Also reprising their roles from Minneapolis are Aimee K. Bryant as Gail (Akeelah’s mom), Nathan Barlow as Reggie (Akeelah’s brother), Zaria Graham as Georgia (Akeelah’s best friend) and Greta Oglseby as Batty Ruth (a neighbor), along with young actors Leo James as Javier/Chucky, Sean Phinney as Dylan and Molly Yeselson as Izzy/Snorting Girl/Crying Girl. The company also includes Darius Dotch as J.T./DJ Rule/Judge TV Announcer, Ana Christine Evans as Trish/Horse Girl/Mohawk Girl and Shavunda Horsley as Ratchet Rhonda/Foxy Fay. Tony Nam joins the company for the D.C. run as Dylan’s Dad/Pronouncer.

The creative team for AKEELAH AND THE BEE includes Scenic Designer Alexander V. Nichols, Costume Designer Jessica Jahn, Lighting Designer Michael Gilliam, Sound Designer Sten Severson, Composer Victor Zupanc, Dramaturg Elissa Adams, Assistant Costume Designer Sarah Bahr, Stage Manager Chris Schweiger and Assistant Stage Manager Jenny Brass.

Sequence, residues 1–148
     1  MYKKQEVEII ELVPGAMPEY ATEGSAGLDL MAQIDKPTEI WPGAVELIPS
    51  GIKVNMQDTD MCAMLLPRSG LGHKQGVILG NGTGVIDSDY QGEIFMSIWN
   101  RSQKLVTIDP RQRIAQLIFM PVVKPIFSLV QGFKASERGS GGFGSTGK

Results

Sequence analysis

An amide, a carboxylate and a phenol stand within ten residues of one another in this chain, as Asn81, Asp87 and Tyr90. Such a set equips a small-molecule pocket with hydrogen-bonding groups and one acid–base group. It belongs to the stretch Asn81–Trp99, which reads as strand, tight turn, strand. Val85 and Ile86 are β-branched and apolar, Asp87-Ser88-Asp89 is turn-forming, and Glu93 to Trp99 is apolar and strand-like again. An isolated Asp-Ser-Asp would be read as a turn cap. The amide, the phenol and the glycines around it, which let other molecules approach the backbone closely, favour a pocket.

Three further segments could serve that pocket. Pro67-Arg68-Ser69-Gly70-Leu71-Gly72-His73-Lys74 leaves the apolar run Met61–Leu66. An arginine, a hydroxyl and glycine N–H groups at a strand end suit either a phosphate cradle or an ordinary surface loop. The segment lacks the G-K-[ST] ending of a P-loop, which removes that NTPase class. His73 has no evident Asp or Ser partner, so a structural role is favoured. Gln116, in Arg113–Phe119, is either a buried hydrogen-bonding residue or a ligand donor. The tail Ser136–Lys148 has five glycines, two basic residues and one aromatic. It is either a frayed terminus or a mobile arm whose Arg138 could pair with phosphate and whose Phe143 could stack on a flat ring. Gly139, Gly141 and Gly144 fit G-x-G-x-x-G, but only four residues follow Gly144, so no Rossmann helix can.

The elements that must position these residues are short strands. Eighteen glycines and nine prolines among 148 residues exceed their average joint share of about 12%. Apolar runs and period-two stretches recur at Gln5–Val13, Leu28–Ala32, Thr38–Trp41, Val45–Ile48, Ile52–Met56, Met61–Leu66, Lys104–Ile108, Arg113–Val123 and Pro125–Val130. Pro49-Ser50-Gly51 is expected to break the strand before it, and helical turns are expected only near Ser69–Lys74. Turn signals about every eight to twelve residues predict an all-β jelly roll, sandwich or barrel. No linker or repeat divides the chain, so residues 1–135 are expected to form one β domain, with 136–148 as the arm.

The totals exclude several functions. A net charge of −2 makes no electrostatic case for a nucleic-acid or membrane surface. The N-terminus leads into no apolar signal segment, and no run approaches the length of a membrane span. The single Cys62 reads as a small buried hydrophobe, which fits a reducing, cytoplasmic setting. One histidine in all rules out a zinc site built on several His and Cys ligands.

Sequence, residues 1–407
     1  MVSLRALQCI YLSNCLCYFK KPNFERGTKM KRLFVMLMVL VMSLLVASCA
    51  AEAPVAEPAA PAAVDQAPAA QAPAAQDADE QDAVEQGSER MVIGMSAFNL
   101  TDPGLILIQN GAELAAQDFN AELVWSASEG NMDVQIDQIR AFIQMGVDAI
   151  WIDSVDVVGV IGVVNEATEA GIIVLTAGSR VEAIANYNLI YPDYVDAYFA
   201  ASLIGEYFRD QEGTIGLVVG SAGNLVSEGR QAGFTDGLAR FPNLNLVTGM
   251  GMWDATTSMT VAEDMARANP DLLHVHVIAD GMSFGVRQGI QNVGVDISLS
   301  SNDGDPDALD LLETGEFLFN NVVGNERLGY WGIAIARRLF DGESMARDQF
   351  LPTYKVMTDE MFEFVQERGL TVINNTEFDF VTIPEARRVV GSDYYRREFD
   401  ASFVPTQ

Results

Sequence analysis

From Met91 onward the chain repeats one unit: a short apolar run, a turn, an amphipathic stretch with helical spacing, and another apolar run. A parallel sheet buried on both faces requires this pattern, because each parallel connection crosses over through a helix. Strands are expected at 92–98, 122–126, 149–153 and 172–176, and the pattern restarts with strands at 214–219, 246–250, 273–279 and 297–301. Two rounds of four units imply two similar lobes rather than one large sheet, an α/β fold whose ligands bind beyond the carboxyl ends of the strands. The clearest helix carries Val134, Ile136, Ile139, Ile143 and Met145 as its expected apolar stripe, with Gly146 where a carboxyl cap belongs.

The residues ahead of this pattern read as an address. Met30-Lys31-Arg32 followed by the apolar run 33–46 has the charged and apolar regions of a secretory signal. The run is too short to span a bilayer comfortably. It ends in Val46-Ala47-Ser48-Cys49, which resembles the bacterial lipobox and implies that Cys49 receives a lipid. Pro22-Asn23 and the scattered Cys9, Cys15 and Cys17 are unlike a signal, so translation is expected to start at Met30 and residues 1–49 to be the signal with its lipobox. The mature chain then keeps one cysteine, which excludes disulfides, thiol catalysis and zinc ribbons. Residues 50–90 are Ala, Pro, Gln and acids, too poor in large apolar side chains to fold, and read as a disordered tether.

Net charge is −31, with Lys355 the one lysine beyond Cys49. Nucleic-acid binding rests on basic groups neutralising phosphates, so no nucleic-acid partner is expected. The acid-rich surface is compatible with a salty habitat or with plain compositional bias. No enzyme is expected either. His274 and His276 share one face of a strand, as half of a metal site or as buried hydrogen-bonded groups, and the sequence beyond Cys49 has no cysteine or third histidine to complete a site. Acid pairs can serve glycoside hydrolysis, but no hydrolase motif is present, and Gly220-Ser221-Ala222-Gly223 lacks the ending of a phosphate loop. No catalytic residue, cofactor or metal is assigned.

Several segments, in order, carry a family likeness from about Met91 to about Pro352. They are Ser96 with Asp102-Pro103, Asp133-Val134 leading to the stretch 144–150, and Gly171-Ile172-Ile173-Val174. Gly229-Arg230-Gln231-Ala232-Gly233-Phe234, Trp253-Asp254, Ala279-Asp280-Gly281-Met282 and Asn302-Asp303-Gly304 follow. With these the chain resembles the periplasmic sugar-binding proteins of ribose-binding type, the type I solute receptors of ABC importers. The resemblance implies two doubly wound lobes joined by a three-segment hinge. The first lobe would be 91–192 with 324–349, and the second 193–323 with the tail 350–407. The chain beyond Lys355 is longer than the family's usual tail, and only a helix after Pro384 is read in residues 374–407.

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This Theater Director Will Have Two Major Plays Showing in DC at the Same Time

Charles Randolph-Wright directed ‘Akeelah and the Bee’ and ‘Motown the Musical.’

By Elizabeth Elving | October 28, 2015 Link to the article here